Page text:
Pfizer said late Monday that the co-primary clinical endpoints were not met in the Phase III trial of an Alzheimer’s treatment being led by an entity of Johnson & Johnson’s Janssen Pharmaceuticals unit.
Janssen Alzheimer Immunotherapy (AI) R&D joined with Pfizer in setting change in cognitive performance and functional performance compared to placebo as the co-primary endpoints in Study 302, a Phase III trial of intravenous (IV) bapineuzumab in patients with mild-to-moderate Alzheimer’s disease who carry the ApoE4 (apolipoprotein E epsilon 4) genotype.
Study 302 is the first of four placebo-controlled Phase III studies to reach completion in the comprehensive development program of bapineuzumab IV by Janssen AI and Pfizer, which are partners in the Alzheimer’s Immunotherapy Program (AIP). Janssen AI is leading two Phase III studies of patients who are ApoE4 carriers (Study 302) and noncarriers (Study 301) at sites primarily in North America. Also, Pfizer is conducting two Phase III studies of patients who are ApoE4 carriers (Study 3001) and noncarriers (Study 3000) at sites primarily outside of North America.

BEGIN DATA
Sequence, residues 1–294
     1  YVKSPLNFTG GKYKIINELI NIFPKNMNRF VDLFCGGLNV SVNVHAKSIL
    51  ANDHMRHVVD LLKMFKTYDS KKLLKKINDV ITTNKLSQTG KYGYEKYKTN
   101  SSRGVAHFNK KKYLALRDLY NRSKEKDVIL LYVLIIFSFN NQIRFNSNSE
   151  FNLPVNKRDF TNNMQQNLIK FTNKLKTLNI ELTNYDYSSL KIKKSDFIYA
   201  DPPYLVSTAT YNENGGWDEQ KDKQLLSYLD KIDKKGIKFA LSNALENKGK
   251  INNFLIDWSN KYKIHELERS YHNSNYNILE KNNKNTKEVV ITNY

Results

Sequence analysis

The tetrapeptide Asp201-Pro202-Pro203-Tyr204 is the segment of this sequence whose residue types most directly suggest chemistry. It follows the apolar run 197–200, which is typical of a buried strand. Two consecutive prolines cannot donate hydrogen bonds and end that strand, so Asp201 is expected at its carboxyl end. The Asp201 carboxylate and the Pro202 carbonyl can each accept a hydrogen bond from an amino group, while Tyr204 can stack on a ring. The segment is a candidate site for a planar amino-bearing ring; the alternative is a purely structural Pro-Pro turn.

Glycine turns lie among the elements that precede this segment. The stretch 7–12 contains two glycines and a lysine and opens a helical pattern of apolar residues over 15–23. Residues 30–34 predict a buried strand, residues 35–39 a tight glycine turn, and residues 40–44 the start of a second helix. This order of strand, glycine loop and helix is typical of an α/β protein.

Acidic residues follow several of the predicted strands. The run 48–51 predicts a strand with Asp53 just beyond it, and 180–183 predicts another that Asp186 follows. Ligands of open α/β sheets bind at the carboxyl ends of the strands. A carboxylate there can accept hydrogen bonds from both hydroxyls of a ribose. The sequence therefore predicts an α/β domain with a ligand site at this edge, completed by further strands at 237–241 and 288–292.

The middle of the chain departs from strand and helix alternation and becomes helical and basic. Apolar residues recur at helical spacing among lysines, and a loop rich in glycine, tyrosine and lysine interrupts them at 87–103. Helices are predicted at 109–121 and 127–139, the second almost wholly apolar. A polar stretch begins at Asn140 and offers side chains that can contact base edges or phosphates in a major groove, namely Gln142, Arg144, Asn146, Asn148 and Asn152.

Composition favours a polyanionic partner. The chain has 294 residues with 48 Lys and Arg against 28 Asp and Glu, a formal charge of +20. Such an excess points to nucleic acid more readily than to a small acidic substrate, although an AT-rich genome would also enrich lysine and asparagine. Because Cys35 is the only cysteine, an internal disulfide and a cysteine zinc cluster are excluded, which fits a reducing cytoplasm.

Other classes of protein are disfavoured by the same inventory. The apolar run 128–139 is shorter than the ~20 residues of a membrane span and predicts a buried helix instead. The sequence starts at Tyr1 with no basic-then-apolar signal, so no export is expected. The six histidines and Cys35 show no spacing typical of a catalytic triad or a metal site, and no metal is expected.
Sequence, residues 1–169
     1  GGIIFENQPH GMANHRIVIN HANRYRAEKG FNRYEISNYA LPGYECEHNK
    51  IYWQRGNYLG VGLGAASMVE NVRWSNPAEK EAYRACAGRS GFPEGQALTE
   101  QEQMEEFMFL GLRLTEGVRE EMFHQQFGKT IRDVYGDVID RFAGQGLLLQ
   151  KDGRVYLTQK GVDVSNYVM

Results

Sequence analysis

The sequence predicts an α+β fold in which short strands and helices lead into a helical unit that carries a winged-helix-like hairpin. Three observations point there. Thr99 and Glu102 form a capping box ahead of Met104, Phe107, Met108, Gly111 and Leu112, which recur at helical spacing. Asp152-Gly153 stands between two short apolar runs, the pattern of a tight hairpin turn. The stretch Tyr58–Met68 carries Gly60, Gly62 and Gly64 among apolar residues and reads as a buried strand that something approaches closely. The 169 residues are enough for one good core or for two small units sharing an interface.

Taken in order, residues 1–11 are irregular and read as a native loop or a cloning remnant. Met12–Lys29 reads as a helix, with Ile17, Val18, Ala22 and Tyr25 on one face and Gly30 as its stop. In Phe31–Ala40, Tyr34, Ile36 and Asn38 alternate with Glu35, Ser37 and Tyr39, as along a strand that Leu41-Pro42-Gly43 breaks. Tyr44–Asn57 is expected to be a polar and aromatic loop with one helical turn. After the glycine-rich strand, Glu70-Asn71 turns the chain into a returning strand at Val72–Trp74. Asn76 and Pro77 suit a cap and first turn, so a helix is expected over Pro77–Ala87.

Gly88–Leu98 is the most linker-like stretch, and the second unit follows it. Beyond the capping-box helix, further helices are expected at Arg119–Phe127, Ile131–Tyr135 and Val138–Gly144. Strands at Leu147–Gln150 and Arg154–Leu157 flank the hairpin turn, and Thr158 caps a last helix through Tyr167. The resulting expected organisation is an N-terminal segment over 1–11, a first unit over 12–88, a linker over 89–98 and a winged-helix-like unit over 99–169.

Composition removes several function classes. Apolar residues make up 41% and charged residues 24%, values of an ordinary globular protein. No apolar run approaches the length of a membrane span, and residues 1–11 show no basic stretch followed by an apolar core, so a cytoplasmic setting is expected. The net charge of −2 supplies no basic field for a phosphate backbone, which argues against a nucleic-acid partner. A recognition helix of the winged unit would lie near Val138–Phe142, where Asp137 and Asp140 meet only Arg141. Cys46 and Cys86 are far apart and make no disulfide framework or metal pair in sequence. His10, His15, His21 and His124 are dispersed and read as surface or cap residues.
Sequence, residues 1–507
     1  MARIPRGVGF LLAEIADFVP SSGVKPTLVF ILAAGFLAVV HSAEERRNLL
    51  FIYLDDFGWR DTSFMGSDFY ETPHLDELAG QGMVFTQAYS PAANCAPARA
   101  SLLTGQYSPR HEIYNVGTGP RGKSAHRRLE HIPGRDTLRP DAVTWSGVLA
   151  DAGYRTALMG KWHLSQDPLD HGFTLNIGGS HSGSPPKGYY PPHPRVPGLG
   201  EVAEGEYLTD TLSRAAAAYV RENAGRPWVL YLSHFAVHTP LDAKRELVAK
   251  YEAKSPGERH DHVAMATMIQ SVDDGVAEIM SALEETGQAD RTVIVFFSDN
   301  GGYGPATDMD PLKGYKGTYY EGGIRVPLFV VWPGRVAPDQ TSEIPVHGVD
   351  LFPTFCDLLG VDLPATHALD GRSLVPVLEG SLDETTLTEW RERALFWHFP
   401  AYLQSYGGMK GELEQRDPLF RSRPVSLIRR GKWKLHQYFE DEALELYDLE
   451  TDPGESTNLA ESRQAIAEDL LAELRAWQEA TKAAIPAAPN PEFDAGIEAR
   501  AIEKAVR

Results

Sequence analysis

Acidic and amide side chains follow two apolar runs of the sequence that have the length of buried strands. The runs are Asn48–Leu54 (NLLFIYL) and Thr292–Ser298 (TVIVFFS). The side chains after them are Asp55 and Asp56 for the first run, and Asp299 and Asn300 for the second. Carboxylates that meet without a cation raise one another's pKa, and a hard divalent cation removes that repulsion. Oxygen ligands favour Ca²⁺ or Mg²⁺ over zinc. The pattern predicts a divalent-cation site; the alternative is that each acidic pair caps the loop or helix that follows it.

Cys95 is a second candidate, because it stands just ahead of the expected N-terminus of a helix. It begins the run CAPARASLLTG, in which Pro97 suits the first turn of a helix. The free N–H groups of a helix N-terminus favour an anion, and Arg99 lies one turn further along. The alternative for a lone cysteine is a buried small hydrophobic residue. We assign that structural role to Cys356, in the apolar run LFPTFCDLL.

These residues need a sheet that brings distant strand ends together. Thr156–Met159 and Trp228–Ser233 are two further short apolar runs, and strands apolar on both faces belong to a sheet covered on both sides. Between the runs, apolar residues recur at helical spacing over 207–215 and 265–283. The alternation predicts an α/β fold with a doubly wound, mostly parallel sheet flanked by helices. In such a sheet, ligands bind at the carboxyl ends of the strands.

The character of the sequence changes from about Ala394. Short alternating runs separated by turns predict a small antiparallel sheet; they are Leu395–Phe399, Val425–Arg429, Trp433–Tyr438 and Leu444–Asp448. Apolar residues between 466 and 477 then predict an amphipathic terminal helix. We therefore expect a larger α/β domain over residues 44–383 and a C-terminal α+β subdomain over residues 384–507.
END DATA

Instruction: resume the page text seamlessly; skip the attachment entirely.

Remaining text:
Studies 301, 3000, and 3001 are continuing “as planned and without modifications,” Pfizer said in a statement.
Topline results from Study 301 in patients with mild-to-moderate Alzheimer’s disease who do not carry ApoE4 are expected to be announced later this summer, Pfizer said, while the Pfizer-Janssen AI alliance will expedite completion of an interim analysis for Study 3001, based on the results of Study 302.
“While we are disappointed in the topline results of Study 302, a more complete understanding of bapineuzumab and its potential utility in mild-to-moderate Alzheimer’s disease will be gained following the availability of additional data, including data from the soon-to-be available noncarrier Study 301,” Steven J. Romano, M.D., senior VP and head of the Medicines Development Group with Pfizer’s Global Primary Care Business Unit, said in the statement.